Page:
Category | Xtras

Cool and Creamy

Posted on 13 September 2013

Two weeks ago I flew to Ohio to take my daughter to college. In between visiting the Container Store and Target, we stopped at famed Columbus ice cream parlor Jeni’s. I was feeling adventurous in this new part of the country, so instead of asking for my usual, coffee or mint chip, I ordered ice [...]

The Unbearable Lightness of Fireflies

Posted on 06 September 2013

Chances are if you are halfway decent at that parenthood stuff you’ve been fairly busy these past couple of days. Whether for your kiddie’s sake or for self-indulgent demonstrations of presence, most likely your “back to school” itinerary included a visit to the pediatrician, which probably called for an immunization or two with the obligatory survival reward in a form of a toy from Kmart; a haircut that eliminated junior’s sun bleached hue that, for considerable investment, your own stylists has been unable to reproduce on your locks; a fun three-hour tour of the outlets in Riverhead which produced meager results since your daughter wouldn’t be caught dead in clothes that did not come from Intermix (but that didn’t stop you from making the trek.) Or a personal favorite: endless packages requiring your signature filled with pencils, iPad covers and backpacks that were redirected back to the carrier facility while you made the mistake of leaving to get milk at Citarella.

Bad Farmer

Posted on 30 August 2013

I am a miserable farmer. I know this because I sit here writing there is a chicken hanging out in my basement in a dog carrying case that is doubling as an infirmary. She has been sprayed with colloidal silver and rubbed down with Neosporin after having the deep gash in her back rinsed with [...]

Corbu’s Conundrums

Posted on 23 August 2013

On a summer afternoon in 1951, the Swiss architect, artist and theorist Charles-Édouard Jeanneret-Gris — known professionally as Le Corbusier — found himself on an East Hampton beach in the company of the Nivola family. In New York to work on an ill-fated commission for the United Nations headquarters, he had first visited the Nivolas the previous year, when he painted two murals in their house on Old Stone Highway. Evidently he was intrigued by the sand-casting technique that his host, the sculptor Costantino Nivola, had developed while playing on the shore with his kids.

Cold and Crispy

Posted on 16 August 2013

It is that time of year again — zucchini is coming in massively. Last week I had a surplus of baby green and yellow summer squash. Noticing that they resembled cucumbers, I wondered how my little zucchini would taste if cut into spears and brined with some vinegar, garlic, and dill. The experiment was a [...]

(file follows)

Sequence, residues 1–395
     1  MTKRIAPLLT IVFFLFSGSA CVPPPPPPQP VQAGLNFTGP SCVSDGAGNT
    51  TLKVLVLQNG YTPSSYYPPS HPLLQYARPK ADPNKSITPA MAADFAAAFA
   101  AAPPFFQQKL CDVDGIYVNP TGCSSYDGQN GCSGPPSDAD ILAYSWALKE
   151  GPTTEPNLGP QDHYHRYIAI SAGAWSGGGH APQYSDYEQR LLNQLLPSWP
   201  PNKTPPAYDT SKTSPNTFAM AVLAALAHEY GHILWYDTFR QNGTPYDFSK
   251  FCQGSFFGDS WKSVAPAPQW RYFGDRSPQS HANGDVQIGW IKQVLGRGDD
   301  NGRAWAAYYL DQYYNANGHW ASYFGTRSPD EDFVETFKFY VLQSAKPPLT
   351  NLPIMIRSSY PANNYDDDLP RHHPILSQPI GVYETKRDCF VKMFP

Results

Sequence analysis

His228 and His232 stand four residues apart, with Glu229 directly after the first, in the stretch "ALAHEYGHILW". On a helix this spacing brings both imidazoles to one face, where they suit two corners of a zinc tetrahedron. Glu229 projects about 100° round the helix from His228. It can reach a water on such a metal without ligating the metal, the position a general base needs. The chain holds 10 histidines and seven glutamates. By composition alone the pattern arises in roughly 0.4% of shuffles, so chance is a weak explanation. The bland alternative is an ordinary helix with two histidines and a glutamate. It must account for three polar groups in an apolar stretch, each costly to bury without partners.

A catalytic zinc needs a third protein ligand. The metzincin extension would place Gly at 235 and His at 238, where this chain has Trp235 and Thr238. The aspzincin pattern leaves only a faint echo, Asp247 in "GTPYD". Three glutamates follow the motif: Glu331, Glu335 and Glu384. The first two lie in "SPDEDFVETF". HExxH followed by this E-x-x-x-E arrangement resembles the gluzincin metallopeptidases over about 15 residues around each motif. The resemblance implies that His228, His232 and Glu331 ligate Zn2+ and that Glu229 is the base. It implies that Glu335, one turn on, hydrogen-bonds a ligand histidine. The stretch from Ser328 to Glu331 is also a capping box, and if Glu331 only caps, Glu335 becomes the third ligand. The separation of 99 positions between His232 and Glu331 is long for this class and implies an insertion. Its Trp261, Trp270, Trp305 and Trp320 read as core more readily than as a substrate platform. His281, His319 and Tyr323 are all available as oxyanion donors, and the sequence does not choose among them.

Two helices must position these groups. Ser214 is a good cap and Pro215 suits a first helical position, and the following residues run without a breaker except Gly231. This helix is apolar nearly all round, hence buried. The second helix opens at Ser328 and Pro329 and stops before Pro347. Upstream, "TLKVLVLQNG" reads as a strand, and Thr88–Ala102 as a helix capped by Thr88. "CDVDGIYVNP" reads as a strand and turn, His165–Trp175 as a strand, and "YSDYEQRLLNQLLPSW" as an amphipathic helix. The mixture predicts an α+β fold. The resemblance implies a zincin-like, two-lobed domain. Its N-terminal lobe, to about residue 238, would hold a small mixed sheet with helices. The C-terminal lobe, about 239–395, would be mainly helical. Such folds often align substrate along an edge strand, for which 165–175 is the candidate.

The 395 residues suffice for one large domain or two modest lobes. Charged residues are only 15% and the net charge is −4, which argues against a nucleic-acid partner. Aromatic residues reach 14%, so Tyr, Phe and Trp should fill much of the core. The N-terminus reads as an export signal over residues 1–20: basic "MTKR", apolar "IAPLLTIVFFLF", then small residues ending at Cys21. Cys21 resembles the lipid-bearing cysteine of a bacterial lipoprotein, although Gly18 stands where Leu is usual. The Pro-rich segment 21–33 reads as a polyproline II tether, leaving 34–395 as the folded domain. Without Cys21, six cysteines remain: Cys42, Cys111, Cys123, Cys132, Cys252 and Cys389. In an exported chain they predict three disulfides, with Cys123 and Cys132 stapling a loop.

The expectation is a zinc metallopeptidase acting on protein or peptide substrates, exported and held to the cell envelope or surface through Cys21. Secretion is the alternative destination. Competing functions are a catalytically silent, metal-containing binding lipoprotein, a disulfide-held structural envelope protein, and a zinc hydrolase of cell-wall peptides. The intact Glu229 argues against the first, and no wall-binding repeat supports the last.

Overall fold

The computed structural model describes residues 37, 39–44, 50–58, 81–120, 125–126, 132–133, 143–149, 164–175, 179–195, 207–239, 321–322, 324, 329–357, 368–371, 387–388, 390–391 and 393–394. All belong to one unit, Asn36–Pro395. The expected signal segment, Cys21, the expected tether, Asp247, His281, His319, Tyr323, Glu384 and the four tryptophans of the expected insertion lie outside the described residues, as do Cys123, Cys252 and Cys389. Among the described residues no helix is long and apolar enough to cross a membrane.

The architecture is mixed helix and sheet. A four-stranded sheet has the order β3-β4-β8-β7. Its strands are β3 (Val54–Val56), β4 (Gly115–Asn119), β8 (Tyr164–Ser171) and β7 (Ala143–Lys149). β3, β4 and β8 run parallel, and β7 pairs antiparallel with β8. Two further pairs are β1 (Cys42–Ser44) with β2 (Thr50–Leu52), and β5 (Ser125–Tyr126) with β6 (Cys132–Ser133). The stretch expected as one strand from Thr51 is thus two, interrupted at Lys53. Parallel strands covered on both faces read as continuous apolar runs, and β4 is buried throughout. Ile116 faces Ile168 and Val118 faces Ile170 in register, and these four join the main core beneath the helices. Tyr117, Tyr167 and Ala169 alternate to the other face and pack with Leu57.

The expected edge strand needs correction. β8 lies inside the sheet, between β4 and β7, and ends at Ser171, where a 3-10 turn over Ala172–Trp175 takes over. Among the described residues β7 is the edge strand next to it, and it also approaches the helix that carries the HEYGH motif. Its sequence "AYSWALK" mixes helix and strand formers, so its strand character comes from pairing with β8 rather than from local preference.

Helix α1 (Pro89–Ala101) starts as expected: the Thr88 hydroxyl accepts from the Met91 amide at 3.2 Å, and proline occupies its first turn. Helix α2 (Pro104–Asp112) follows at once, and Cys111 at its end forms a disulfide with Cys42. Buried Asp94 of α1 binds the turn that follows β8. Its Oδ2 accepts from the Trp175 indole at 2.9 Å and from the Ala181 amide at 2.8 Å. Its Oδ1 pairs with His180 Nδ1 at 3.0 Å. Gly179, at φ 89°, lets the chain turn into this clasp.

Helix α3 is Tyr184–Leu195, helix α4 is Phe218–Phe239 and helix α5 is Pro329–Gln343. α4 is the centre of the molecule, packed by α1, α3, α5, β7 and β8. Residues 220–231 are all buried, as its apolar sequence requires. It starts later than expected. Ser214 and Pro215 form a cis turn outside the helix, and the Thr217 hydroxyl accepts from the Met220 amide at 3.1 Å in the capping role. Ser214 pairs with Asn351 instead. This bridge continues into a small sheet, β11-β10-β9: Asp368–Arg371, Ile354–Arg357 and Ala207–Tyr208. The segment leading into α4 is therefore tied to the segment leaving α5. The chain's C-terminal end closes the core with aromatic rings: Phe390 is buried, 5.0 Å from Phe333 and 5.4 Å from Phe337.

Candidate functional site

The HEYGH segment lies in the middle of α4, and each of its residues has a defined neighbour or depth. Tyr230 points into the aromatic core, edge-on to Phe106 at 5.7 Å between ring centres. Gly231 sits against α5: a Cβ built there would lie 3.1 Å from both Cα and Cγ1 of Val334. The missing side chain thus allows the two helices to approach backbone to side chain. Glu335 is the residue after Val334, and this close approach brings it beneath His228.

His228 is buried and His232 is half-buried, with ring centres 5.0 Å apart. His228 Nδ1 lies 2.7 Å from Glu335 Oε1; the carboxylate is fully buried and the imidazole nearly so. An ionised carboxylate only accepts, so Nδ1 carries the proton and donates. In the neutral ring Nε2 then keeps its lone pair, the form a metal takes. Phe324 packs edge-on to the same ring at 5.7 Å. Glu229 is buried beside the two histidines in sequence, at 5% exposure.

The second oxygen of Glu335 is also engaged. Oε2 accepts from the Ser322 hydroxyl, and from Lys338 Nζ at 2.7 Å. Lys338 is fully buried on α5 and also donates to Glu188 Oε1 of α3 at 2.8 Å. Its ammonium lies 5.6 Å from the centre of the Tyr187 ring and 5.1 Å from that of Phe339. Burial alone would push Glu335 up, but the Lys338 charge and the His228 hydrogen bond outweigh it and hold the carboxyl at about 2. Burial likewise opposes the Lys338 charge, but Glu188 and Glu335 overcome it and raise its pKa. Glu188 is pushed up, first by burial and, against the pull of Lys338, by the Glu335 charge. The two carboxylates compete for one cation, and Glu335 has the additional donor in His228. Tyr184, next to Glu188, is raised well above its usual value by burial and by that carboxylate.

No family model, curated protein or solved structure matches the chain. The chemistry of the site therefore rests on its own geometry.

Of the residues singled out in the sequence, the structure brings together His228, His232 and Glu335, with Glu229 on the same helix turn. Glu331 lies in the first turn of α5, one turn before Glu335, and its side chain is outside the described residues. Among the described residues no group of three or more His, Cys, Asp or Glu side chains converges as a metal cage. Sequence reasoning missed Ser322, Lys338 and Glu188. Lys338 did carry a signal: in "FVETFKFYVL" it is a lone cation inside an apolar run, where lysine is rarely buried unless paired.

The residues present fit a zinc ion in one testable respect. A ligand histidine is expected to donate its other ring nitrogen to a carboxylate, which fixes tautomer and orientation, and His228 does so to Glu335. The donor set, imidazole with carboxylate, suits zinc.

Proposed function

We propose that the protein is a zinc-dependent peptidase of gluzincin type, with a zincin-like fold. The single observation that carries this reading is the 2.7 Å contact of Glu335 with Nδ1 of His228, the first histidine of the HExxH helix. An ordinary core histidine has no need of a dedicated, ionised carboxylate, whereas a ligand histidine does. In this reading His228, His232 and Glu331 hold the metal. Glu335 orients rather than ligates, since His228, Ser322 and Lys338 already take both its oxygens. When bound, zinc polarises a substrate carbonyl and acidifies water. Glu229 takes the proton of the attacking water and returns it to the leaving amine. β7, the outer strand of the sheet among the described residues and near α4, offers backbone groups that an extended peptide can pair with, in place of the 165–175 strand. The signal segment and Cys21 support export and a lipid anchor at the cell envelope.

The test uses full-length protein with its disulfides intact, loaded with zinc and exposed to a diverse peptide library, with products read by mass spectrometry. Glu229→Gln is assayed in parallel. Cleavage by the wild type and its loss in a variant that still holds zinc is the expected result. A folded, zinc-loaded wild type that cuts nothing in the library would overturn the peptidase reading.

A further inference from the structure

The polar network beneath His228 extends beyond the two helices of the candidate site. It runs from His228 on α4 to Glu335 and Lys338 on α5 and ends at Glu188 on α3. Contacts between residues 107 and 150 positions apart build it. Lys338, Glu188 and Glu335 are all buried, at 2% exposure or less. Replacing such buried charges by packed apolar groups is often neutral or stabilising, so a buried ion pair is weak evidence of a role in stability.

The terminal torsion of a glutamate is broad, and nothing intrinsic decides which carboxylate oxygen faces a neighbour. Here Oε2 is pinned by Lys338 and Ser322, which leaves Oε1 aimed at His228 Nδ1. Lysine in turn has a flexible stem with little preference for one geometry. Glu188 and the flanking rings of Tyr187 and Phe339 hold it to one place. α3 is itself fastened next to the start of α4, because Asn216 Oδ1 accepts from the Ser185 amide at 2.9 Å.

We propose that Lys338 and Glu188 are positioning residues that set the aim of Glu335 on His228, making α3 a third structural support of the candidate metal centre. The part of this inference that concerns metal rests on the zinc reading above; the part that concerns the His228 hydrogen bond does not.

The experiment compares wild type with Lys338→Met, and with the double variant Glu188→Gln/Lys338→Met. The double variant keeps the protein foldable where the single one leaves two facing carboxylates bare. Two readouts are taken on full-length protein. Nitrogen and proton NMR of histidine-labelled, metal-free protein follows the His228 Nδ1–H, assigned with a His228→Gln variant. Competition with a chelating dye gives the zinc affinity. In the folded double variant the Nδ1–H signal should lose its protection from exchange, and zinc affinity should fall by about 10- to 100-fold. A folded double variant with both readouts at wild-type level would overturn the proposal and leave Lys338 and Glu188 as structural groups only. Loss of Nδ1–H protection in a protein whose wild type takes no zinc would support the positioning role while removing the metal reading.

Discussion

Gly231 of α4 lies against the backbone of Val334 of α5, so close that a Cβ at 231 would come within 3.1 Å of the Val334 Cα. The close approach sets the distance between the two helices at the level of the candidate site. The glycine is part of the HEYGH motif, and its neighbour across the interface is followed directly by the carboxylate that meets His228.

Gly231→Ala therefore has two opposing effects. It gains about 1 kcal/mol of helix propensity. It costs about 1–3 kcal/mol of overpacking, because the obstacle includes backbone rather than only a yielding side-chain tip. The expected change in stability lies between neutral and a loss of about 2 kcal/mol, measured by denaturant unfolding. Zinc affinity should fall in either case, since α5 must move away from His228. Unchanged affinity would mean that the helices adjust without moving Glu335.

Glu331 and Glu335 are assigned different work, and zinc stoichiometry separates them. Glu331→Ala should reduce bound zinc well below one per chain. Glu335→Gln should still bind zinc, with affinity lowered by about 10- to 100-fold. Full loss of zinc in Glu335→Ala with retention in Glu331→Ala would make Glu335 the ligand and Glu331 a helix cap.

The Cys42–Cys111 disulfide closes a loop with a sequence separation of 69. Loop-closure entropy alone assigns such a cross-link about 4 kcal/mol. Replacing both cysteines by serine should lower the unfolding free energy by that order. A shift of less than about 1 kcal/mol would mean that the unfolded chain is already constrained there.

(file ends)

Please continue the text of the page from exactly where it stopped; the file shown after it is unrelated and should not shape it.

Blues on Incoming Tide

Posted on 08 August 2013

The weather has been very nice this past week. Air temperatures were around 80 with some cool mornings. We even had some much needed rain. Beach-goers are enjoying excellent conditions both at the ocean and bay. The bay water temperatures are 75, which is a big improvement over the low 80′s. It seems to encourage [...]

Cheater’s Almanac

Posted on 08 August 2013

Considering how much an alleged extramarital affair (which resulted in the pregnancy of a part-time Hamptonite with one brash Brit — right under the husband’s nose) has captured the media’s attention, it is only fair we consider the “Two-Timers’ Rules of Engagement,” should one choose to cross that blurry line of the unacceptable and just plain dumb.

Going Buggy Right in My Front Yard

Posted on 08 August 2013

By Richard Gambino One day this summer, I was taking ultra-close photos of flowers in my front yard. Suddenly, an interesting insect landed on a dandelion at my feet, and seemed to all but invite me to take its picture. The creature had a dark, almost figure-eight body, with a sharp white line along each [...]

Forever Evergreen

Posted on 02 August 2013

As I watch the hydrangeas shriveling in the heat of the last couple of weeks, it took all my willpower to not want to just turn the irrigation system up and letting it rip all through the day and night, but it doesn’t work. Sure, the hydrangeas would have been happy, as the word hydra [...]

Med Mooring

Posted on 12 July 2013

By Anetta Nowosielska Think dockage rates in Sag Harbor are out of control this year? Think again. With overnight costs reaching more than $4,000 in high season, mooring up and bumping bows with the best of the mega-yachts on the Mediterranean comes with a hefty bill. Yet, that has not stopped some Hamptonite boating enthusiasts [...]